Cerebral vasculitis in Wegener's granulomatosis

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Wegener’s granulomatosis is a necrotizing granulomatous vasculitis of the respiratory tract associated with a focal glomerulonephritis.1–4 Disseminated necrotizing angiitis involving large, medium, and small-sized vessels also comprises a part of the clinical and pathologic spectra. Although the specific pathologic features are well described by Godman and Churg,1 several recent reviews have clarified the renal2 and pulmonary5 histologic findings and discussed improved aspects of treatment.3, 4 There has been less emphasis on the neuropathologic manifestations of Wegener’s granulomatosis. The frequency of nervous system involvement, based upon clinical and pathologic criteria, varies from 22%4 to 54%.6 The purpose of this report is to emphasize neuropathologic involvement in a case of fulminant Wegener’s granulomatosis at autopsy.

Case report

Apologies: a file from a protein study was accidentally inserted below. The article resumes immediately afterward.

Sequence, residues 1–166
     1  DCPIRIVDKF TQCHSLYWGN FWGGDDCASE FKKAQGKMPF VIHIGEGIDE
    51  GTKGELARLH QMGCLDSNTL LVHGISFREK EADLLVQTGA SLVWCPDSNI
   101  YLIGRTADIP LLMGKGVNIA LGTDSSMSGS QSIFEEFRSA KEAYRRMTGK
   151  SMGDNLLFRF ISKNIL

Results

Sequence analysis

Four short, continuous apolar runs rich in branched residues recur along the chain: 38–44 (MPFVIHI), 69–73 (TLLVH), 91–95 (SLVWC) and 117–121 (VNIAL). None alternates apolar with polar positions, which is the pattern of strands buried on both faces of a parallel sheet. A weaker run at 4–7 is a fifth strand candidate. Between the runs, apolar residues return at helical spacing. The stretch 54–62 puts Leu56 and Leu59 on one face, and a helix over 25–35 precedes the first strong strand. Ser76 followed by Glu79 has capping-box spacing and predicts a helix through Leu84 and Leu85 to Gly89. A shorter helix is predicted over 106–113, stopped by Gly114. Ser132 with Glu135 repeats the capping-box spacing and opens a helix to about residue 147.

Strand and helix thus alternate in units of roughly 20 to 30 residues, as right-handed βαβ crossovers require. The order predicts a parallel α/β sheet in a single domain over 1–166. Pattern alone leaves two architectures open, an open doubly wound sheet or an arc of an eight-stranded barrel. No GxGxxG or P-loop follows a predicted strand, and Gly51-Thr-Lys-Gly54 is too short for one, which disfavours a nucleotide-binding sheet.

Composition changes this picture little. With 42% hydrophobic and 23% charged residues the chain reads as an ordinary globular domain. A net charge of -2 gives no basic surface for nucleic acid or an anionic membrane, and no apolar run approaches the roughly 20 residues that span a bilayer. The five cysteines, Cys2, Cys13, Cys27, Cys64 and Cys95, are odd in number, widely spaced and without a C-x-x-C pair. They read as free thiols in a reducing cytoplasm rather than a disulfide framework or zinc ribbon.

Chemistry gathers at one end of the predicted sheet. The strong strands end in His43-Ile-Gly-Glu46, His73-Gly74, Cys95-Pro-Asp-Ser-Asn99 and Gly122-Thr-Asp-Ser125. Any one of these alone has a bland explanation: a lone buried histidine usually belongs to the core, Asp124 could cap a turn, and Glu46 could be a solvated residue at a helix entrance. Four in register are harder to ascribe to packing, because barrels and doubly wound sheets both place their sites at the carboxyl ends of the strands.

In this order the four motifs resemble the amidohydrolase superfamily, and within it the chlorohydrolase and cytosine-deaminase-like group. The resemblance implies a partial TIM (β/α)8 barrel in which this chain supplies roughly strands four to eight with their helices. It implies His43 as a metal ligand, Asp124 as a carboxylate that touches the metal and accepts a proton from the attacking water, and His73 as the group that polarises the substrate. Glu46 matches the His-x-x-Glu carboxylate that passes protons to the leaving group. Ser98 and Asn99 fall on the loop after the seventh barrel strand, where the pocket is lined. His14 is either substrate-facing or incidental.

A 53-year-old man was transferred to the Cleve-land Clinic Hospital with diffuse abdominal pain, fever, and pedal edema of 3 weeks’ duration. Proximal muscle weakness and bilateral pedal edema were found on physical examination. Blood pressure was 110/70 mm Hg. The patient was alert and oriented. Roentgenographic examination demonstrated two discrete nodular shadows in the upper right lung field. Urinalysis revealed proteinuria, microhematuria, and numerous granular casts. Hemogram included hemoglobin, 9.3 g/dl; hematocrit, 29.5%; and white blood cell count, 14,800/μl, with a normal differential count. Results of laboratory studies revealed the following values: blood urea nitrogen (BUN), 69 mg/dl and serum creatinine, 5.5mg/dl. Studies from the referring hospital had included electrocardiogram, electroencephalogram, brain scan, skull films, and complete gastrointestinal barium x-ray series. All were normal. During the week following admission, right epididymo-or-chitis, increasing weakness, lethargy, . . .



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